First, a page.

With Nevin, who has an art degree from Glasgow Caledonian University, more interested in collecting art and vinyl than gambling and drinking, and being more of a fan of Belle And Sebastian than Phil Collins, record shopping was never a passion he shared with his teammates. “I’d sometimes bring in vinyl for one or two of them,” he says. “I made a few mixtapes for Graeme Le Saux, and Paul Canoville was into some heavy dub reggae, but there weren’t many who knew much about music.

“I remember as a kid at Celtic Boys Club, at 14 or something, bringing in a new album by a band I liked, and them saying, ‘That’s shit, get it off!’, and that album was U2’s first record, which of course went on to become classic footballers’ music!

“My best friend in London was Simon Raymonde. Head Over Heels is still one of my favourite pieces of vinyl, and I’ve got a note written on it from Liz and Robin – they never even wrote lyrics on the albums they did! They played at the LSE and Simon was in the crowd. A few months later, he joined the Cocteau Twins and we bumped into each other before the gig, and for two or three years, we met every day.”

Blue (Monday) is the colour

During Nevin’s time at Chelsea, in the midst of negotiations with manager John Neal and the club’s infamous chairman Ken Bates over his new contract, he took the incredible step of asking to be left out of the squad for a match against Brentford in order to go to a gig.

“My memory is a bit messy about this,” Nevin recalls.

“I can’t remember if it was the Cocteau Twins or New Order, at the Royal Festival Hall. It was a friendly just before the start of the season, I’d done pre-season and I was phenomenally fit, as I was a distance runner as well – fitness was never a problem. I was signing my new contract at the time. Just before signing, I said to the manager, ‘I’ll sign it except for one thing – I don’t want to play in Monday night’s game. There’s a band on I want to see!’. He said, ‘You must be joking!’. Anyway, we worked it out and came to an agreement that I could leave at half-time. The chairman at the time, Ken Bates, thought I was a lunatic. They didn’t know how to deal with me, as I didn’t have an agent and wasn’t desperate to be a professional footballer – I could just go back and finish my degree if I wanted to…”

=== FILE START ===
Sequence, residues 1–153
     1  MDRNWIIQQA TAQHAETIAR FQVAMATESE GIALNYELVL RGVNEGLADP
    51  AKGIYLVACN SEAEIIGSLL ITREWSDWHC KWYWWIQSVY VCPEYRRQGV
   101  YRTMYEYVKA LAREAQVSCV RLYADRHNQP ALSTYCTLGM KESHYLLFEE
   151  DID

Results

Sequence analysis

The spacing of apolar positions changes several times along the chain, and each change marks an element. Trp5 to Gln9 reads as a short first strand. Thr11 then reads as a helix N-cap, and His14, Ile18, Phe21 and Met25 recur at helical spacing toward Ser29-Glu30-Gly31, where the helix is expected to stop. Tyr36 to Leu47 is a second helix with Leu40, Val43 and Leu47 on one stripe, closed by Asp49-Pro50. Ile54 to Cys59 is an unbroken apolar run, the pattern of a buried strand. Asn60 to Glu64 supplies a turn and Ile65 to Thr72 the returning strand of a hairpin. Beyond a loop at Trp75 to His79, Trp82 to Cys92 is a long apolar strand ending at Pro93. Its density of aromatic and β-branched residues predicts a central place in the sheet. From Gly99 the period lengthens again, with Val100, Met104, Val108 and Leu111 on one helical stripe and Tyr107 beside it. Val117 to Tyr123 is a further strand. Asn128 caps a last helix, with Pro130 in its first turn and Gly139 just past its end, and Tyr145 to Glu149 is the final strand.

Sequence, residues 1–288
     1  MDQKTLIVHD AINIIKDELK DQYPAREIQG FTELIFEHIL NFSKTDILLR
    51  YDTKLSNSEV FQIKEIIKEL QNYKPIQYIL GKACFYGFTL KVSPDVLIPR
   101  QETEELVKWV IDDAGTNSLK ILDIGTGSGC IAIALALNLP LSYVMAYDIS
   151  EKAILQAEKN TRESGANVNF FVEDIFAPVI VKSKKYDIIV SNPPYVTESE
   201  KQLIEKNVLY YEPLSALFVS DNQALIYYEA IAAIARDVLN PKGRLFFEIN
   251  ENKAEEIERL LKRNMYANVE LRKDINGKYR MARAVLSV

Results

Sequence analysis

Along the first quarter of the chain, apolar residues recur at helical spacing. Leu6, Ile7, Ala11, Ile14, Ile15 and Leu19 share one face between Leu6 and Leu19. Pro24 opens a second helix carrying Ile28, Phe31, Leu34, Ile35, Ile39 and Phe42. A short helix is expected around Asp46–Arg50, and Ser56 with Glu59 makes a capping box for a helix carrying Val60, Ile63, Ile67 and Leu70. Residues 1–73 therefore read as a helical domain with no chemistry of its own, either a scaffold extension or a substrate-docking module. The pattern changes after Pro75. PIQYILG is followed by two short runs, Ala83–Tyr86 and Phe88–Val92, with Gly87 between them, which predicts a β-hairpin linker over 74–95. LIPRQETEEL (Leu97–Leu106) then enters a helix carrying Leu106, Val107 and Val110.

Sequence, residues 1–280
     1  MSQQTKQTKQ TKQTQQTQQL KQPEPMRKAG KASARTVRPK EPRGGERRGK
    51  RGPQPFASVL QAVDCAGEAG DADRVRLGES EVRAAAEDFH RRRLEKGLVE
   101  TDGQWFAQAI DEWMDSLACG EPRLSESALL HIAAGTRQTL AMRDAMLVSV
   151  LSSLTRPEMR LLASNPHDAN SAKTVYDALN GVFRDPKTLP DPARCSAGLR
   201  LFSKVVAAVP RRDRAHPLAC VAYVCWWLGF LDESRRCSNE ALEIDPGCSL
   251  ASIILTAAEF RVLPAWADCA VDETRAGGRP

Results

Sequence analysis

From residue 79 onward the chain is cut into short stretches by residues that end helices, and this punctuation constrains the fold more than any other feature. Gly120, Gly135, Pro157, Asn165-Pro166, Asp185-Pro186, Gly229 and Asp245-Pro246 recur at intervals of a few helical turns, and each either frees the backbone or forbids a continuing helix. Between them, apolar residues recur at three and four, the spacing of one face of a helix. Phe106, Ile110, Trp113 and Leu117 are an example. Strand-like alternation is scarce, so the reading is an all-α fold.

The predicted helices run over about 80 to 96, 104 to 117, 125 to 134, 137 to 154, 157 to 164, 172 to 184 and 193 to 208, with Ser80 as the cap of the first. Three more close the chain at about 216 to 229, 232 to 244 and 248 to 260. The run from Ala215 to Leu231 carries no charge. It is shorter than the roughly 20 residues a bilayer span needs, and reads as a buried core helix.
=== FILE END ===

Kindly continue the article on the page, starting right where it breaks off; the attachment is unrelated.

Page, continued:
Flying winger

With his commentary work carrying him all over the UK and beyond, Nevin’s vinyl obsession continues, and he’s a regular guest DJ at cool London club night Scared To Dance.

“Sadly, I can never DJ with vinyl,” he says. “I have to travel so far to get to Dalston where I DJ, and to take that amount of vinyl on a flight would be impossible. It’s a brilliant night – it starts out at Belle And Sebastian and stuff like that and it gets quite wide, I play all sorts. Sometimes, there are people there a lot younger than me who don’t know what it is I’m playing!
“There’s a lot of stuff on Fortuna POP! right now that I love, and a lot of the vinyl I buy now is Fortuna POP!. The sad thing is the label is no more, as of this month. The vast majority of stuff on Fortuna POP! is great. I don’t buy anything for value, I collect vinyl in the same way as I collect paintings – because I like the work and the artist. My decision making is usually if they’re bands I like and they need the money, I’ll buy the vinyl.”

Despite his lifetime’s love affair seeing Pat amass a vast collection of vinyl, disaster struck a few years ago when mother nature conspired to destroy most of his collection. However, he’s keen to put an event that would have driven many collectors to depression into perspective. “Seven or eight years ago, I had a flood at my house in the basement, where all the LPs were,” he remembers. “I was away at the time, and about 70 per cent of it was flooded. It flooded, then dried and then heated, so a lot of it was destroyed beyond use. It had no effect on me, though, because the day before that I’d lost someone very close and dear to me – they died, and it put losing the record collection in ultimate perspective. Had it happened the week before, I’d have been in despair, but I put it in perspective. Life’s too short…”